WHERE        (TerritoryID = @TerritoryID) AND (CustomerID = C.CustomerID)))',
     @type = N'OBJECT', @module_or_batch = N'[dbo].[TF4199_sp]',
     @hints = N'OPTION (querytraceon 4199)'
GO

Now, re-run this stored procedure and look at the execution plan.

plan2


We can see that the plan has changed and the number of logical reads dropped dramatically to 13228.

read2


If we look at the detail of the "Right Anti Semi Join", we can see that the optimizer now produces an accurate estimate of rows.

stats2

 

2) Optimize a query by forcing SQL to recompile it :


Now, let's look at an example that is not a bug. The following queries work well when they are executed with numeric constants.

SELECT * FROM Sales.SalesOrderDetail WHERE ProductID = 870
SELECT * FROM Sales.SalesOrderDetail WHERE ProductID = 897

read3


Let's look at their execution plans :

plan3

The optimizer created a different plan for each query.

The above example is futile because it is unlikely that we would use numeric literals in our SQL queries. The goal here is simply to show you what the execution plan would be when the optimiser "knows" the value of the variable.

Now, use sp_executesql to execute the same query. The use of sp_ executesql is very common in commercial applications because it allows reuse of execution plans.

EXEC sp_executesql 
@stmt = N'SELECT * FROM Sales.SalesOrderDetail WHERE ProductID = @ProductID',
@params = N'@ProductID int', @ProductID = 870
GO
EXEC sp_executesql 
@stmt = N'SELECT * FROM Sales.SalesOrderDetail WHERE ProductID = @ProductID',
@params = N'@ProductID int', @ProductID = 897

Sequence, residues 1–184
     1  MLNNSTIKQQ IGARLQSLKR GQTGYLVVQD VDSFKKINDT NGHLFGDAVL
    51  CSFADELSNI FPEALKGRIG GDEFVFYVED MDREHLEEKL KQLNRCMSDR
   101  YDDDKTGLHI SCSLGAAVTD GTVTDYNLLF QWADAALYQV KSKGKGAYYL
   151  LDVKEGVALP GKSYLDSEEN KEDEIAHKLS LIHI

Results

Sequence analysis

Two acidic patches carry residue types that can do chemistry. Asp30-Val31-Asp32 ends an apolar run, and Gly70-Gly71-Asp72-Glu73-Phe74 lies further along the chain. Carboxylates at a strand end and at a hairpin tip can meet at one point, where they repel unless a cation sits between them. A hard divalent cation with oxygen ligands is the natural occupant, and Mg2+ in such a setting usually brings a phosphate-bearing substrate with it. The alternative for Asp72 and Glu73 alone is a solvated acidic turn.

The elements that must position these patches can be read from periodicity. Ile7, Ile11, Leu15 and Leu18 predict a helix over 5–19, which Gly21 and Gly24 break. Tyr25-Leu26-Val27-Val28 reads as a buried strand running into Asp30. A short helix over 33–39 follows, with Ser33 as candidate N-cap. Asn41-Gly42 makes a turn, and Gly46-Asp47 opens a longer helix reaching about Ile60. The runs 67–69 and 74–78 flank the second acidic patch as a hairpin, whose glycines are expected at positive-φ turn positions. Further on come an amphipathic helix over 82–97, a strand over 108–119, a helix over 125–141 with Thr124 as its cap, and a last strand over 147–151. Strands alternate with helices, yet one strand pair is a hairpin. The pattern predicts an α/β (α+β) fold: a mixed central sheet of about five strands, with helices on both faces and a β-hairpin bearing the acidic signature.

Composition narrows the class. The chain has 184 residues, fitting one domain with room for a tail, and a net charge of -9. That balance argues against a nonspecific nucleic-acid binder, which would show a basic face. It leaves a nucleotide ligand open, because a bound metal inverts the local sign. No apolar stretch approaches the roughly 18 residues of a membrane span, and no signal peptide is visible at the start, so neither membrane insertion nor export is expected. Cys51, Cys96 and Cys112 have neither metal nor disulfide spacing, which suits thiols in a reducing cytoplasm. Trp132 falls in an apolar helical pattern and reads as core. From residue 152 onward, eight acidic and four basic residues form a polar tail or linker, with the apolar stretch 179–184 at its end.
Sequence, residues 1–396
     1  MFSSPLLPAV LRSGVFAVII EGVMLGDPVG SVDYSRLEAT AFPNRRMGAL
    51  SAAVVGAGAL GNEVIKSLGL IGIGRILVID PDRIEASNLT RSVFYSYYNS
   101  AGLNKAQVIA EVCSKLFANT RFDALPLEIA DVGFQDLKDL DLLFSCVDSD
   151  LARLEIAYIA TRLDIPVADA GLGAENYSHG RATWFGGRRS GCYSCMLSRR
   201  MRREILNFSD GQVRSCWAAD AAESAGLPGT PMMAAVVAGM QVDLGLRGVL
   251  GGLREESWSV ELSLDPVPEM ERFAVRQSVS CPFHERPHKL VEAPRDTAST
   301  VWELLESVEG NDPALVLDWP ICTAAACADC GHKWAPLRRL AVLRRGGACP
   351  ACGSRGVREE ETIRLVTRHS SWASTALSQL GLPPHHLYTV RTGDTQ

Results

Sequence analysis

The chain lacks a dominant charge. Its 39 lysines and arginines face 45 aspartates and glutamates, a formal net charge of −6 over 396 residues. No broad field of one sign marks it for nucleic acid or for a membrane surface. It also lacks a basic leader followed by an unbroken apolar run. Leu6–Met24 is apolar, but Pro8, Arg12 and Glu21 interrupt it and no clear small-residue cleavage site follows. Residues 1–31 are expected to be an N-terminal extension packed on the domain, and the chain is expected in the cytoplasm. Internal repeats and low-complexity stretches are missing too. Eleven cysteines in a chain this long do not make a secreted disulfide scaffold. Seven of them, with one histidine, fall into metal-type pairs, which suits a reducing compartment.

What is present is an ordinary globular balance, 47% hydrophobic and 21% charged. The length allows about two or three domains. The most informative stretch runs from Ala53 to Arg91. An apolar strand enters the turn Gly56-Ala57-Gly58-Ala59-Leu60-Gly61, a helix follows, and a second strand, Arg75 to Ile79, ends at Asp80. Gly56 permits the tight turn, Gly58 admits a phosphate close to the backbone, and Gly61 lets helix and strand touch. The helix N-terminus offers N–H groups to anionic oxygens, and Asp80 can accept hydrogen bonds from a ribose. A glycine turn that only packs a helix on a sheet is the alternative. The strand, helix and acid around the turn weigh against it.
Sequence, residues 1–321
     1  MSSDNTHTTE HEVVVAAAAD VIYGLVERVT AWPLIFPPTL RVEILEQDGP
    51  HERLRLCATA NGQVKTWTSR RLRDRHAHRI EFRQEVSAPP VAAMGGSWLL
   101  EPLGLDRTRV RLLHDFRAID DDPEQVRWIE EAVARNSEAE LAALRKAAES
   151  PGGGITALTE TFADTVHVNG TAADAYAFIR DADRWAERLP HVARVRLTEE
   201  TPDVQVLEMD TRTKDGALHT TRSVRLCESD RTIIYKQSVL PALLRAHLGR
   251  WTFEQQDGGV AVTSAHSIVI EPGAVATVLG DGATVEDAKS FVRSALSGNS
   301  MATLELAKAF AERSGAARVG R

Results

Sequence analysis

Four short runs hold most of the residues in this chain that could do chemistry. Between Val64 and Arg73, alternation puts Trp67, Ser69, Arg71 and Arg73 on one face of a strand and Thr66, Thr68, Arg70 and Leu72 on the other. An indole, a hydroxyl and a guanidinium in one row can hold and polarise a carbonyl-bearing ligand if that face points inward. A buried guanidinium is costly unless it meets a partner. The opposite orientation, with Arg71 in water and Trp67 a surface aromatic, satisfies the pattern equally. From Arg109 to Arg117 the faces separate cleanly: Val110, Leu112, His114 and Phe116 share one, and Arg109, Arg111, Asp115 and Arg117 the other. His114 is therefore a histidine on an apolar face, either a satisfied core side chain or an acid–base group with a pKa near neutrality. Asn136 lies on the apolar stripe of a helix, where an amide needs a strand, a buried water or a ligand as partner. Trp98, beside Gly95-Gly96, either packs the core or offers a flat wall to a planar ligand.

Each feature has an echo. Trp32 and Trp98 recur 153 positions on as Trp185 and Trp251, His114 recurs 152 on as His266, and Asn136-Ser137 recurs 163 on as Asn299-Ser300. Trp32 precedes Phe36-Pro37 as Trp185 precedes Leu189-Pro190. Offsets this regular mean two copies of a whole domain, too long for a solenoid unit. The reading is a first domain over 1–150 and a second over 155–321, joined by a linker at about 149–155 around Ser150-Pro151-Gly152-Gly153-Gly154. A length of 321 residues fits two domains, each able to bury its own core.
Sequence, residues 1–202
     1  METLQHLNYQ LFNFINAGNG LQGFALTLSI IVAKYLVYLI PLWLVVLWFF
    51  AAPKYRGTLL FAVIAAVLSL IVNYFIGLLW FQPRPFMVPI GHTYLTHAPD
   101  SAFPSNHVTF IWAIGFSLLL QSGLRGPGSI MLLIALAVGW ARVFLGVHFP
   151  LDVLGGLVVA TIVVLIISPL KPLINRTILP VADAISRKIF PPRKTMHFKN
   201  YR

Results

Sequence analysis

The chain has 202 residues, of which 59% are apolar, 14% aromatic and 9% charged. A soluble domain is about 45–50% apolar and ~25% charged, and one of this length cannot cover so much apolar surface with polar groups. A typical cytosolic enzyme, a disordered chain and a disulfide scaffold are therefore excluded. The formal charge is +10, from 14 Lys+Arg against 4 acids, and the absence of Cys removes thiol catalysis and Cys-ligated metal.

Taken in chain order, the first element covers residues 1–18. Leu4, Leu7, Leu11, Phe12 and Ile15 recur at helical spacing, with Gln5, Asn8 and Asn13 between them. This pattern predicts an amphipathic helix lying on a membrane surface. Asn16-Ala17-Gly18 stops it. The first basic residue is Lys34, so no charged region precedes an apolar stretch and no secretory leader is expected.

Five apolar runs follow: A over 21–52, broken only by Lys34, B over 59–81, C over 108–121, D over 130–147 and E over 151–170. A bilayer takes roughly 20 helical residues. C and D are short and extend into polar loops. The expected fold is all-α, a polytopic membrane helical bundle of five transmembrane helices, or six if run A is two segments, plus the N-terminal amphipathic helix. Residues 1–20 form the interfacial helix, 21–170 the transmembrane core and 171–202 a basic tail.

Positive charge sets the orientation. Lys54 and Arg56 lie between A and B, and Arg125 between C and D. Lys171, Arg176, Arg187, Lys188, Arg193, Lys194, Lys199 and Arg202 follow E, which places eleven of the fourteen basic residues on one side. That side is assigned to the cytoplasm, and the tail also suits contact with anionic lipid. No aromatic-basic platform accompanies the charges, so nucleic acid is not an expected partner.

GO

The first query returns 4688 rows and generates 1241 logical reads. The second, 2 rows but also generates 1241 logical reads. Normally, the query should have generated 10 !!!

read4

Let's look at the two execution plans :

plan4


Both plans are identical !!! What happened? At the first run, an execution plan was generated for constant 870. When run again with constant 897, the query optimizer wants to reuse the execution plan generated for the first run.

By coincidence, the first query used 870 as the constant for the variable @ProductID. Let us now try to reverse the execution.

EXEC sp_executesql 
@stmt = N'SELECT * FROM Sales.SalesOrderDetail WHERE ProductID = @ProductID',
@params = N'@ProductID int', @ProductID = 897
GO
EXEC sp_executesql 
@stmt = N'SELECT * FROM Sales.SalesOrderDetail WHERE ProductID = @ProductID',
@params = N'@ProductID int', @ProductID = 870
GO


The first query returns 2 rows and generates 2 logical reads. The second, 4688 rows but 14377 logical reads. The query generated more logical reads than there are a pages in the table.

read5


The solution is to use a plan guide :

EXEC sp_create_plan_guide 
@name = N'SalesOrderDetail_Correction_RECOMPILE',
@stmt = N'SELECT * FROM Sales.SalesOrderDetail WHERE ProductID = @ProductID',
@type = N'SQL',
@module_or_batch = NULL,
@params = N'@ProductID int',
@hints = N'OPTION (RECOMPILE)'
GO

With the use of a plan guide the two queries use the best plans!

read6

plan5

 

 

 

 

Eric Vaillancourt
Author: Eric Vaillancourt
Eric Vaillancourt is an SQL enthusiast. He started his career as a database programmer in 1989. He has been teaching SQL at Technologia since 2002 and has trained more than 5,600 professionals. He leads more than fifteen training sessions focused on Microsoft products. Specializing in high availability environments supporting a large number of transactions per second.

Comments (0)

There are no comments posted here yet

Leave your comments

Posting comment as a guest. Sign up or login to your account.
Attachments (0 / 3)
Share Your Location